PHILIP ANSELMO wants to use his "ROB HALFORD-Style" vocal range again for 'old-school' metal project
In a new interview with Drew Stone of The New York Hardcore Chronicles Live!, former PANTERA singer Philip Anselmo was asked if he is working on any music at the moment. He responded: “I just pretty much had a new studio installed next door to my house, and we’re working all kind of bugs out and whatnot. So I tell my guy, my engineer, I tell him, I said, ‘Just program some drums, man. Give me some drums. Give me a different drum beat every day — up beat, down beat, whatever. Give me something.’ So I’ll walk in, there’s a drumbeat, and I’ll just pick up any instrument and just go right off the cuff. And it is some of the worst music you can imagine.
“I don’t know, man,” he continued. “I’m this close, man (holds two fingers close together) — I’m this close. I’m feeling something. We’ll see what it is. I’ve got a couple of options. I just don’t know, man. If it’s gonna be metal, I wanna do it old school, man. I’ve been kind of feeling more (Rob) Halford lately, man, vocal-wise, just singing, using my range again. So, we’ll see. It’s gotta be right.”
Less than two years ago, Anselmo told Revolver magazine that Halford is “hands down” the greatest heavy metal vocalist of all time. “Absolutely,” he said and then hesitated for a few seconds before also giving major props to late BLACK SABBATH, RAINBOW and HEAVEN & HELL singer Ronnie James Dio. “Dio. Ronnie James Dio — my Lord, what a powerful presence. (Rob and Ronnie) both — if you were standing on the side of the stage, they were the loudest freaking thing on that stage. If you went around the front, they were the loudest thing on that stage. So it was amazingly powerful.”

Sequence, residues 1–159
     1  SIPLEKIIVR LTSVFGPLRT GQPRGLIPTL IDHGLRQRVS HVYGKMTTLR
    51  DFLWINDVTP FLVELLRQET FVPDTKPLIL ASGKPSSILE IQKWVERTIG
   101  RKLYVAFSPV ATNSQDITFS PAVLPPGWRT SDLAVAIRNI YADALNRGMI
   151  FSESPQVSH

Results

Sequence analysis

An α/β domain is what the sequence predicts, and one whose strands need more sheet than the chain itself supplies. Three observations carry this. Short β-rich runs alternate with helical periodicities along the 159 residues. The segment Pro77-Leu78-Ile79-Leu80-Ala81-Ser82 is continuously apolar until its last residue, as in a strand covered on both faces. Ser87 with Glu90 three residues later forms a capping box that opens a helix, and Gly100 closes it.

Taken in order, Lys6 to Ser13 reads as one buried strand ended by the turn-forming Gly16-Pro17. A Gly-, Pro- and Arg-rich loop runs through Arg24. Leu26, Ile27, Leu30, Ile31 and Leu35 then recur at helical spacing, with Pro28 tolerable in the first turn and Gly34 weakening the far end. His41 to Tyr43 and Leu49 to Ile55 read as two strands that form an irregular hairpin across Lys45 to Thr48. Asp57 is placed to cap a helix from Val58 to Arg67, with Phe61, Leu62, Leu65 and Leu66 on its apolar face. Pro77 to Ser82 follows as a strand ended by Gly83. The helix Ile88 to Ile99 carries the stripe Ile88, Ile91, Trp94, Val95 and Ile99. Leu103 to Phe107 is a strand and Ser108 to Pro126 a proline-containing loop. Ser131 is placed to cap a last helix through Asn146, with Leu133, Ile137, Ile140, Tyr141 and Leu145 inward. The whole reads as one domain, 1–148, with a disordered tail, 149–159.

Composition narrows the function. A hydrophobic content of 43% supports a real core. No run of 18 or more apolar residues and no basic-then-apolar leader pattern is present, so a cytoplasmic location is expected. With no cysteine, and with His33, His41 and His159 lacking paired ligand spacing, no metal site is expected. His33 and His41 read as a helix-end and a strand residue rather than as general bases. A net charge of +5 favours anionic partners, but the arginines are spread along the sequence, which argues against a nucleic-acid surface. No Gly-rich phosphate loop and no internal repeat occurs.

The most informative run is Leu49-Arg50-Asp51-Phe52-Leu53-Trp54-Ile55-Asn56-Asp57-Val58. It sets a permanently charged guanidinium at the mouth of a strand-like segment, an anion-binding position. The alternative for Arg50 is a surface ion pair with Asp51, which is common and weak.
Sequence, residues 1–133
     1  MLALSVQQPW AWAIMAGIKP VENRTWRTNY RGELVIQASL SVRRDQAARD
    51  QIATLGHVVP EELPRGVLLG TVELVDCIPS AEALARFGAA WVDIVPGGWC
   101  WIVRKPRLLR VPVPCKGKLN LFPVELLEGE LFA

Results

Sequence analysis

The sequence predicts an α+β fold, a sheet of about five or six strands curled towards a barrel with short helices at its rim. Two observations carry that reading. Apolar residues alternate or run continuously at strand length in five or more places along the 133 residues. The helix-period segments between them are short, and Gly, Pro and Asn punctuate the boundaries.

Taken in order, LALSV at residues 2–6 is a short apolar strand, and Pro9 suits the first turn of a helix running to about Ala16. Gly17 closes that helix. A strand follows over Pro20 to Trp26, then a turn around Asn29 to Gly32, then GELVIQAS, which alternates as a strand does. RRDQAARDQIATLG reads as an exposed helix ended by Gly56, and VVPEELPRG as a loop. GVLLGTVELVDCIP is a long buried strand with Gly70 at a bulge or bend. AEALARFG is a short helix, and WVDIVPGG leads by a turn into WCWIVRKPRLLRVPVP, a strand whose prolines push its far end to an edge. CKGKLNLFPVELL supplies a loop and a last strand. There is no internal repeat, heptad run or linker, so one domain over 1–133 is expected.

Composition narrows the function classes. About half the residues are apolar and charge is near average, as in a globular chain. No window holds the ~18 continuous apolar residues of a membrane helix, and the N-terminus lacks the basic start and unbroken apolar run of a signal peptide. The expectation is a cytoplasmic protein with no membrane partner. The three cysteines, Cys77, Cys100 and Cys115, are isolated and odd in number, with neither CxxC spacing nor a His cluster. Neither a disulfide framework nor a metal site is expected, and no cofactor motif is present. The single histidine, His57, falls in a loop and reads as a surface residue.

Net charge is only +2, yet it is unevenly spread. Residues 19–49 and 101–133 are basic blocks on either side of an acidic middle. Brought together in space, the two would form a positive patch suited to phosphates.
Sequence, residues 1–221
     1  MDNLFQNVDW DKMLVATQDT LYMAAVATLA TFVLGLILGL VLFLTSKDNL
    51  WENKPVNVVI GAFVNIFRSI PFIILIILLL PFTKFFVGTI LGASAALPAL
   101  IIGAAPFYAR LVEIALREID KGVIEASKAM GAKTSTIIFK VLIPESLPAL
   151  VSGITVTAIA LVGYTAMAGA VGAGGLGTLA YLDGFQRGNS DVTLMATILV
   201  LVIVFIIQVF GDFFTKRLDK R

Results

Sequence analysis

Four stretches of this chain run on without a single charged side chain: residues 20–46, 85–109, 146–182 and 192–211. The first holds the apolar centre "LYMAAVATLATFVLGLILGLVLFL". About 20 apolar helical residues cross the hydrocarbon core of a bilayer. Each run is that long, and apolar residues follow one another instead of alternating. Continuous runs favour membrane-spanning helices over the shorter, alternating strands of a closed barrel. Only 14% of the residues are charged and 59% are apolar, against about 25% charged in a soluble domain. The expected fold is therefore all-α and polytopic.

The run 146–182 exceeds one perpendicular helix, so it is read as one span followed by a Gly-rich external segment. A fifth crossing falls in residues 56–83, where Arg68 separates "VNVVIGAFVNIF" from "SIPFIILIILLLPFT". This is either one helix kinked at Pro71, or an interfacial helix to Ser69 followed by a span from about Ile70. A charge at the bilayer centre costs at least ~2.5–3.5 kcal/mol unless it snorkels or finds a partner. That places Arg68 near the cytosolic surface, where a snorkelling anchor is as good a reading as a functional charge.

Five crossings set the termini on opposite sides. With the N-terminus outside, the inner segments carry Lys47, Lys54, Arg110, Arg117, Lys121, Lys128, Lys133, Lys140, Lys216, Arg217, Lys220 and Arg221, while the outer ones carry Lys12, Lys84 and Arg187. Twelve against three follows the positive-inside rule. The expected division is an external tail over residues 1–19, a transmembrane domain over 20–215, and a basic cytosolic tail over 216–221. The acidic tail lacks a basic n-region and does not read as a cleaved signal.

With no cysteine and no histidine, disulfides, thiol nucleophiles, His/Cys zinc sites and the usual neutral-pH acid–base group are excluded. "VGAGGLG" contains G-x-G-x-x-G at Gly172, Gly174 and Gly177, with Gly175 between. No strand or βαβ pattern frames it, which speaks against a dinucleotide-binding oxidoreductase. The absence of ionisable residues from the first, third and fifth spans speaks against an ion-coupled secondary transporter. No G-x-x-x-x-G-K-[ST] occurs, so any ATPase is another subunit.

In a 2010 interview with Antiquiet, Anselmo said about Dio: “Ronnie James Dio was probably one of the coolest motherfuckers in the biz. A lot of people could say that and just be talking nice, but I’m being very sincere here. PANTERA first did a gig with BLACK SABBATH and Dio in ’93, I believe. It was in Italy. He was just the most down-to-earth motherfucker. He smoked weed with us after the gig, he sent ‘War Pigs’ out to me. He was just a very, very engaging person. Really, really sweet, real down to earth. He kept in touch throughout the years, and DOWN ended up playing some shows with SABBATH and Dio a couple years ago. Once again, I just wanna let everybody know that this guy was just one of the true good guys of this entire fuckin’ business, man.”
Back in 2014, Anselmo told Rock Scene that Halford was a huge influence on him when he first started developing his singing style.
“I don’t think I started maturing as a vocalist till I was 15,” he said. “And then after I started to mature, everything happened really quickly, and my range grew mightily. And it was quick, it happened quick. By that time, I’d started jamming with older guys, whatnot, and I would come home from school every day and practice JUDAS PRIEST‘s ‘Unleashed In The East’ front to back and do it the way Rob Halford did it.
“People who think Rob Halford uses falsetto are sadly mistaken; that’s a full-out voice, and that’s how I learned,” he continued. “And I never had falsetto; I’ve always sang full out. Eventually, when I found and wanted and needed to find my own identity, I purposely kind of abandoned that style because, in my mind, it had already been done before and done the best it could be.
“There’s only one Rob Halford,” he added. “I know there’s some other guys that could sing very well and whatnot, but that style, I thought, had been done to death, and heavy metal needed a new attitude, I guess, brought to it instead. And it was already there; there was already the first METALLICA record and SLAYER, for sure and whatnot. And don’t get me wrong, Tom (Araya) could hit those high falsetto notes, but that’s not what SLAYER was about; it was more about aggression, especially vocally. So it was all happening around me. I just needed to get that perfect blend, man, of hardcore attitude from bands like AGNOSTIC FRONT, CRYPTIC SLAUGHTER… shit… obviously BLACK FLAG and… so many others. It’s unbelievable how many influences I used and incorporated. I even used death metal moments and whatnot, cup the mic, shit like that, for effect. So I always evolved.”